Nineveh was the capital city of the Assyrian Empire and that Empire was the most powerful force in the world at this time in history. They ruled from modern day Iran to Egypt. Assyria was plundering and absorbing the Northern Kingdom of Israel, a piece at a time. No wonder that Jonah was not just hesitant but outright defiant when ask by God to go and preach a message of repentance to such a despicable place. Jonah was more interested in destroying Nineveh, than saving Nineveh. When Jonah goes to Joppa and gets on a boat bound for Spain he was defying God's call, unlike Moses and others that made excuses Jonah just did the opposite of what God wanted him to do. No wonder he ends up back in Joppa as part of fish vomit.

So what was God thinking, why Nineveh? A few interesting observations, Jonah was from Garth-Hepher very close to Jesus' home town of Nazareth, and Joppa was the place where Peter saw a vision and realized the Gospel was not just for the Jews, but for all nations (Acts 10). So it is no great leap of faith, when we say, the story of Jonah is a picture of the Messiah's resurrection and mission to all nations. God, seven centuries before Jesus comes as a babe in manger, reaches out to Nineveh and offers them a chance at redemption and they were not His chosen people.

I like the frankness of Jonah's message, unlike other prophets that were all about their words, Jonah only uses a few to declare God's message, “Forty days more and Nineveh shall be overthrown.” This must have come as quite a shock to the most powerful Empire on earth. Regardless, the people believed what Jonah was saying and much to Jonah's disgust they repented. It is possible this bought a few years for the Northern Kingdom, or it resulted in the action referred to earlier, of Israel reclaiming some of its lost territory. If indeed that is true, we can see that Jonah's actions benefited both communities. Both communities received a blessing, but God reaching out to those that were not His chosen people, is the real message. It is a true representation of Jesus’ ministry to the whole world.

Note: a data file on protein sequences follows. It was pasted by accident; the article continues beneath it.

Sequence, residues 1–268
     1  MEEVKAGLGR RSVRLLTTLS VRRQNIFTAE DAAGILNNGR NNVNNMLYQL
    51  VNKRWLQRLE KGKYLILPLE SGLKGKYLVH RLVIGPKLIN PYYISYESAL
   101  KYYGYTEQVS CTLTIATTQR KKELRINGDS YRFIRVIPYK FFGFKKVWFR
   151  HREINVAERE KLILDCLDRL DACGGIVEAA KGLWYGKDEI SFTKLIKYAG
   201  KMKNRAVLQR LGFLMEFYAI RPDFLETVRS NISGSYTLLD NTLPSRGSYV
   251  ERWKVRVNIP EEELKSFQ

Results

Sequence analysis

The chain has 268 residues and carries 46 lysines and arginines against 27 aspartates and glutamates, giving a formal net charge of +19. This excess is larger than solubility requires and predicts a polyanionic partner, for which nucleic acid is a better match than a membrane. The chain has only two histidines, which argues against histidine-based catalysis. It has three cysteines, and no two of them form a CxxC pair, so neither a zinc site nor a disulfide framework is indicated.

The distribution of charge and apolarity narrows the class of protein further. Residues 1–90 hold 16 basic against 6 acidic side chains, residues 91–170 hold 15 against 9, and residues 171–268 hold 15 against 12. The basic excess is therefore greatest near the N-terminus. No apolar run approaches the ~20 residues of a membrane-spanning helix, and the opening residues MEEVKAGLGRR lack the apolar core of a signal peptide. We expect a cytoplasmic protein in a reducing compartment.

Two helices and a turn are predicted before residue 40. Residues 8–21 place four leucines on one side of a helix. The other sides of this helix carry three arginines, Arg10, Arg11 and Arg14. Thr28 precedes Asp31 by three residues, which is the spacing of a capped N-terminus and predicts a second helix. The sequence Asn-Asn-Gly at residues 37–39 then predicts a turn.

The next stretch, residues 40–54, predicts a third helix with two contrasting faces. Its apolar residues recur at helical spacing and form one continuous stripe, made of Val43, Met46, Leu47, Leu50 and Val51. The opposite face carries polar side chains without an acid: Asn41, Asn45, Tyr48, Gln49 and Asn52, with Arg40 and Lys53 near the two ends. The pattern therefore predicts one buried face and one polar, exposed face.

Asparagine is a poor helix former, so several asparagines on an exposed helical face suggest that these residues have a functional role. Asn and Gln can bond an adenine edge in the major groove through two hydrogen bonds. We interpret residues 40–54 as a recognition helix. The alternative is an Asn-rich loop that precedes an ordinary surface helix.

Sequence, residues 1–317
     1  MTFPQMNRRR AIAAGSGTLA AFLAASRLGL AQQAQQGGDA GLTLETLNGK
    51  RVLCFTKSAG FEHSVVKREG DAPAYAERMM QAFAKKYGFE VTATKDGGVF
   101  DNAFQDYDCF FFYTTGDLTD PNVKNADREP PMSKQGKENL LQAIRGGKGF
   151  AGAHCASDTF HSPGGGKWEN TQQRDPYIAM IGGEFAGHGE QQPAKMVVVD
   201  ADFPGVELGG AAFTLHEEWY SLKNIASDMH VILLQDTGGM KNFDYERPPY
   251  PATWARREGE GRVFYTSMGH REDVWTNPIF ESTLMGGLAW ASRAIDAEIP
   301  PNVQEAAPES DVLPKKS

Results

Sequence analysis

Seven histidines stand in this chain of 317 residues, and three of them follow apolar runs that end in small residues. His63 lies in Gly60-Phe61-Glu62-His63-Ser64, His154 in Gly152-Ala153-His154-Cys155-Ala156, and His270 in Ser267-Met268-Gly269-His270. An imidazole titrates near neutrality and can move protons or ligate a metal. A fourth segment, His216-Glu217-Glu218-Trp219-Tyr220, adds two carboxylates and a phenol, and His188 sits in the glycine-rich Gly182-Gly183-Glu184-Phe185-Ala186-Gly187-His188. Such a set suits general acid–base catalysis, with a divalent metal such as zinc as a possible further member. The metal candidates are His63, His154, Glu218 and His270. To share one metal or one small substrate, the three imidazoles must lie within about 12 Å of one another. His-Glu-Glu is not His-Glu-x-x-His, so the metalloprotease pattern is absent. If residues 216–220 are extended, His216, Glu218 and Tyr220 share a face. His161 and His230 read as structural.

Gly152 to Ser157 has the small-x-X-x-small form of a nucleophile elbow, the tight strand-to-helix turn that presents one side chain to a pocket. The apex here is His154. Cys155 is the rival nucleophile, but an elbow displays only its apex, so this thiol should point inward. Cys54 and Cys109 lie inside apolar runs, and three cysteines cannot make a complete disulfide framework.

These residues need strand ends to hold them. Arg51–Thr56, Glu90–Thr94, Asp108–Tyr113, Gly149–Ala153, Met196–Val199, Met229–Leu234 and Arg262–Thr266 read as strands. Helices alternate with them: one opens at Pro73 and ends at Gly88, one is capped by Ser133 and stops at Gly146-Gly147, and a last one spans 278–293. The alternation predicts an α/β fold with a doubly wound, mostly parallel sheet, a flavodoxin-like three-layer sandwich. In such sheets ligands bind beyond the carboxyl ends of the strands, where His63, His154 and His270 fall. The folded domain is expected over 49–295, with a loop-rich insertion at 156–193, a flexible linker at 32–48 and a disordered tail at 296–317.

Eventually God used the Assyrian Empire to Judge the Northern Kingdom of Israel for their worship of other Gods, but in the process He was able to make a great city like Nineveh stop and worship Him, if only for a few brief minutes in history. That is the power of God at work in the world. It should be noted that after the captivity that lasted for seventy years, the remnant of Jews that remained became very careful not to worship other Gods. Maybe that lesson was learned. As for Jonah, God continued to teach him about grace and mercy. Notice the final verse from The Book of Jonah (4:11) And should I not be concerned about Nineveh, that great city, in which there are more than a hundred and twenty thousand people who do not know their right hand from their left, and also many animals?’ That is grace.

When we receive God's call we have choices, we can delay, ignore, defy, make excuses or run the other way. How do you respond when God calls you to a special task? What did you learn from Jonah's experience?